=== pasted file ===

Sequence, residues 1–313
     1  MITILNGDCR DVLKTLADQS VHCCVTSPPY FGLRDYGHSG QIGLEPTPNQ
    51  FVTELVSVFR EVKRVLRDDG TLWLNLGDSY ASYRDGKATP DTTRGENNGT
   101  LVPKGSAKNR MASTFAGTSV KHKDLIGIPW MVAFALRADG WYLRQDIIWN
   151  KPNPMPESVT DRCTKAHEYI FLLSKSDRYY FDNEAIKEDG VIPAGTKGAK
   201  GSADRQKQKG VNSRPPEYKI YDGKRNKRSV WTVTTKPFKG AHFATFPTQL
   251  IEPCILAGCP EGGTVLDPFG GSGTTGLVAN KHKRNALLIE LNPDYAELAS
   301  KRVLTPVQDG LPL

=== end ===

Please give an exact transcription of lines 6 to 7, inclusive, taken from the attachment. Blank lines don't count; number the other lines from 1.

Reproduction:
   201  GSADRQKQKG VNSRPPEYKI YDGKRNKRSV WTVTTKPFKG AHFATFPTQL
   251  IEPCILAGCP EGGTVLDPFG GSGTTGLVAN KHKRNALLIE LNPDYAELAS